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High Conductivity Single-ion Cross-linked
Polymers for Lithium Batteries and Fuel Cells

John Kerr and co-workers at Berkeley Lab have developed single-ion cross-linked comb-branded polymer electrolytes with high conductivity for use as membranes in lithium batteries, fuel cells, and electrochromic windows. Solid polymer electrolyte separators are used in lithium batteries instead of common organic solvents because (1) they are nonvolatile, (2) they inhibit the growth of dendrites, the tiny metallic snowflake structures in lithium metal electrodes that lead to battery failure, and (3) they can be used in very thin films thereby improving the power performance of the battery and increasing the energy density.
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Solid polymer electrolytes have been improved by the creation of single-ion polymer conductors. Single ion conductors, transference number of one, avoid the development of concentration gradients that result in low Voltage upon discharge and irrepairable damage on charge because the anion is immobilized by covalently connecting to the polymer comb. Until now, lithium single ion polymer conductors have been plagued with low conductivity, reactivity to lithium, poor cathode comparability, and mechanical stiffness that leads to poor processing properties. Kerr’s new cross-linked polymer electrolytes based on trifluoromethylsulfonylmethide, sulfonate, and fluoroalkylsulfonate and imide anions overcome these limitations.

Hydrosilylation agents are used to form cross-links to allyl ether groups incorporated in the pre-polymer without leaving reactive reagents that adversely affect battery performance and lifetime. Because lithium-benign allyl reactive groups are used for cross-linking, lithium electrochemistry is unimpaired if some of the groups are left unreacted. The polymers are also easy to prepare. The prepolymers are suitable for solvent coating and extrusion prior to curing.

* High lithium ion conductivity (10-5 S/cm at ambient temperatures).
* No concentration polarization, i.e., the transference number is one.
* Clean grafting and cross-linking chemistry leaves no reactive residues.
* Materials have uniform, reproducible mechanical properties and electrochemical stability.
* Polymer backbone and cross-link density and flexibility may be adapted to tune the transport and mechanical properties.
* Innovative solution to lithium mobility problems promises even higher conductivity.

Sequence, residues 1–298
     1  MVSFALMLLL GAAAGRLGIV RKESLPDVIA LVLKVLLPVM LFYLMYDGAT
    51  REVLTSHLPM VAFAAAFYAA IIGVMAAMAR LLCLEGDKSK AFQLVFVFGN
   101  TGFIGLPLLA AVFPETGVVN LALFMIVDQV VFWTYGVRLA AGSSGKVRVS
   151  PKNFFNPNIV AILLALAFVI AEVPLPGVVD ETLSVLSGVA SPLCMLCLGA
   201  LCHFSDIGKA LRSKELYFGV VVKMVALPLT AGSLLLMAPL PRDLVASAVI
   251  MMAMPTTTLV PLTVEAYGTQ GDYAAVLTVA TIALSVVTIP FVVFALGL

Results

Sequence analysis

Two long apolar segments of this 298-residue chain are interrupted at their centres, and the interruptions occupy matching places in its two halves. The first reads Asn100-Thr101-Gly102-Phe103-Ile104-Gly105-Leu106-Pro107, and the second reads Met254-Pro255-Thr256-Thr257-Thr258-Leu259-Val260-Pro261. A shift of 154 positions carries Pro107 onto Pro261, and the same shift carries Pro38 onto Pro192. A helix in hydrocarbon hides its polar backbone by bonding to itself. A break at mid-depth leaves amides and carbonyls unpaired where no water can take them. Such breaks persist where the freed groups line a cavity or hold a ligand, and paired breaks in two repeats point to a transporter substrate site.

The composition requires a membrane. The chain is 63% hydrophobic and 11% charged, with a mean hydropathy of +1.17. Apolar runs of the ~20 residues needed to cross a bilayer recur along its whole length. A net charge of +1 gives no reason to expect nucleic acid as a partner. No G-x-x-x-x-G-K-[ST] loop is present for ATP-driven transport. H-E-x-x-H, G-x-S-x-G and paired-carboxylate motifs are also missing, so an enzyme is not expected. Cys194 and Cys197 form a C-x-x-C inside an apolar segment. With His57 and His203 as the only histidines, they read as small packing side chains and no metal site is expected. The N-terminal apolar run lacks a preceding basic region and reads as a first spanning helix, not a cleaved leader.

* Easy preparation

The controllable method or preparation results in a material that has uniformly excellent mechanical and ion transport properties that appear to be unaffected by the cross-linking density. This allows density to be varied to suit the application. The cross-linked materials achieve much higher lithium ion conductivities than other cross-linked polymers (10-5 S/cm at ambient temperatures) and yet also inhibit dendrite growthdue to the mechanical properties. The side chains of the comb-branched structures are long enough to allow for maximum segmental motion so that the polymer can effectively penetrate between the electrode particles and adhere to electode surfaces while maintaining the amorphous nature that facilities high ion mobility. This overcomes many of the problems involved in the preparation of good composite electrode structures.

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 Cross-linked comb-branch structure. Heavy horizontal lines represent the comb-branch backbone, heavier vertical lines the solvating ether side-chains. Anions are fixed to the side chains. Mechanical properties are a function of the backbone structure and cross-link density. Ionic mobility is a function of the solvating groups incorporated in the side chains. The molecular structures are infinitely variable in order to provide optimum properties for both bulk membranes and composite electrodes (MEAs).

The capabilities, materials, and principles used for developing these polymer electrolytes for lithium batteries can be adapted to develop polymer films for fuel cells and electrochromic windows. Kerr’s group is investigating the use of new proton solvating functions on comb branch polyether polyelectrolye materials to provide water-free membranes that can operate at high temperatures for fuel cells.

The patent for this work is still pending. Reference numbers are 1553 and 1554. Currently, Berkeley Lab seeks partner(s) for collaborative research opportunities and licensing of this new technology. See website at - http://www.lbl.gov/tt/collaboration/techs/lbnll533.html or email to - [email protected]

* Lithium metal polymer and lithium polymer batteries
* PEM fuel cells
* Electrochromic windows
* Electroseparations